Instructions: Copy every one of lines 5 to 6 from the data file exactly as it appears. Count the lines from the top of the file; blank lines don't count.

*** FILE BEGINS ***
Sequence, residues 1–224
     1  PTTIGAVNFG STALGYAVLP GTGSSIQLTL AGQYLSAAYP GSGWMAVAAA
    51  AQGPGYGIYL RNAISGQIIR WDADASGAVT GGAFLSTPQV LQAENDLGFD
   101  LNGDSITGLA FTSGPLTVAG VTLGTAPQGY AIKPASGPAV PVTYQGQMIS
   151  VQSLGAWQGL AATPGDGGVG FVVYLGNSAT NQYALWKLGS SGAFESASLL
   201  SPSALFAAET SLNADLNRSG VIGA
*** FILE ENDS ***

   151  VQSLGAWQGL AATPGDGGVG FVVYLGNSAT NQYALWKLGS SGAFESASLL
   201  SPSALFAAET SLNADLNRSG VIGA